The SEC Rules

  Financial reporting for America's small businesses

     
      
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5 July 2007 SEC proposes consolidation of Regulation S-B rules into Reg. S-K

27 June 2007 SEC proposes reducing holding periods under Rule 144

15 Dec. 2006 SEC again extends Section 404 compliance date for non-accelerated filers

Archives: 2005

 

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Illustrative Discussion Cases

 

Case 1 – Moderate Size Multi-National Reporting Company:                              ________Overseas Divisional President and Records Gone

Case 2 – Foreign Private Issuer Reverse Acquired By Domestic Public Shell

Case 3 – Bulletin Board Small Business Issuer:                                                         ________Debt with Magic Warrants, Never Booked

 

Case 1 – Moderate Size Multi-National Reporting Company:                              ________Overseas Divisional President and Records Gone

You are a partner in a registered accounting firm and are asked to advise/assist an old college friend, who has just accepted an assignment as Acting CEO of a moderate sized ($250 million annual revenues) international financial services SEC registrant.  Recently an anonymous employee whistle-blower informed the SEC that there was massive fraud at this company in the European Division.  The division’s president has disappeared without a trace along with the division’s financial records.  The Final Four audit firm has just resigned, but did review the third quarter Form 10-Q.  The Company has not yet filed its Form 10-K from December 31, 2004.  The Acting CEO tells you the Company has $25,000,000 in cash, is still operating domestically, has necessarily ceased all European operations, wants to have their 12/31/04 financial statements audited and their 10-K filed, and continue life as a public company in good standing with the SEC and NASDAQ.  You can assume the prior auditor will not reissue any audit reports on this client, which was an audit client for five years.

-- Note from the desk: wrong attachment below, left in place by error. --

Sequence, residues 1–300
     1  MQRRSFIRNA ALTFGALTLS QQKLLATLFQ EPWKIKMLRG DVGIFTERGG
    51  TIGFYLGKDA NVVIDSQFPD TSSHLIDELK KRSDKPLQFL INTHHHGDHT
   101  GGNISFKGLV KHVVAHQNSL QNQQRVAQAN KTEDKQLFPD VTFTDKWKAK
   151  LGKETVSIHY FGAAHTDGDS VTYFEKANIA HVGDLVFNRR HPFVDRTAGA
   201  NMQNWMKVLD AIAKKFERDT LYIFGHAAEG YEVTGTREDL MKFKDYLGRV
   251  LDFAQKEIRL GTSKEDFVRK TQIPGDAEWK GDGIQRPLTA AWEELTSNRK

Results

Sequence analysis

Question:  Is there a practical solution for this company?

 

Case 2 – Foreign Private Issuer Reverse Acquired By Domestic Public Shell

 You are asked by the control person of a public shell company to be their auditor.  You are further told that they have a letter of intent to merge with a Ugandan privately owned diamond mining company, which will get the majority of shares in the post merged company. 

 Question: What are the accounting and auditing implications of this proposed transaction, if:

A)   The shell is current with its SEC filings;

B)   The shell stopped reporting, but filed a Form 15;

C)  The shell hasn’t reported in three years.

 

Case 3 – Bulletin Board Small Business Issuer:                                                         ________Debt with Magic Warrants, Never Booked

You recently joined a small registered firm as a principal, to be their QC reviewer to replace a partner who just retired.  The firm has a few SEC Small Business Issuers as clients.  Last year the firm merged with a sole practitioner, who had one S-B client.  Prior to your joining them, the firm reviewed two quarterly filings on Form 10-QSB for this company.  You are now reviewing the year-end financials.  You notice that for the last four years, the company has been issuing warrants in connection with loans borrowed from officers/stockholders.  After the last interim period the outstanding loans total $2,000,000.  No expense has been recorded for the warrants.  The Company’s stock has a volatility of 175%.  Earlier this year, the company had a proxy, in which shareholders approved a one for 100 reverse split, reducing outstanding shares from 50,000,000 to 500,000.  The reverse split went into effect in the fourth quarter of the current year and the market price of the stock immediately changed from $.10 to $10.00.  The company disclosed in the proxy, that these particular warrants, of which there were 5,000,000 outstanding, exercisable at an average price of $.20, were immutable in the event of a reverse split and therefore there would still be 5,000,000 of them outstanding at the same average exercise price of $.20 after the reverse split.  The management group, that holds the warrants, owned ninety percent of the company’s outstanding shares before the reverse split, without giving any beneficial ownership effect to the warrants.  The attorney, who wrote the warrant agreement, is no longer the company’s attorney.  Your reading of the warrant agreement indicates that though poorly written, it was meant to convey that the warrants had the usual anti-dilutive characteristics.  The company’s president and the current attorney who drafted the proxy are both certain that the warrants were intended to be immutable, but you are certain that they are both wrong.  The partners in your firm are not sure!

What are the accounting and reporting implications for the company?

What are the practice implications for you and your firm?